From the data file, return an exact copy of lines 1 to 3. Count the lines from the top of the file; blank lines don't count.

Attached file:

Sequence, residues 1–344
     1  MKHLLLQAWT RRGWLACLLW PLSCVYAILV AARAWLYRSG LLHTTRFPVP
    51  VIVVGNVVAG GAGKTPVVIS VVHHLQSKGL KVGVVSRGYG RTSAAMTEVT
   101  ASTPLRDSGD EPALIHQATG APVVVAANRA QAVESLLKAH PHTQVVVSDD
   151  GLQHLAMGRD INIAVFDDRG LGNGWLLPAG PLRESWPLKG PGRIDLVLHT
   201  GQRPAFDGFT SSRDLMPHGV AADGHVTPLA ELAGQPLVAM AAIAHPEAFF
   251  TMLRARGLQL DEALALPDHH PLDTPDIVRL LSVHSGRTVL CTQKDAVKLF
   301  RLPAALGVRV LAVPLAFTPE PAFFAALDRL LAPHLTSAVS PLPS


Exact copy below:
Sequence, residues 1–344
     1  MKHLLLQAWT RRGWLACLLW PLSCVYAILV AARAWLYRSG LLHTTRFPVP
    51  VIVVGNVVAG GAGKTPVVIS VVHHLQSKGL KVGVVSRGYG RTSAAMTEVT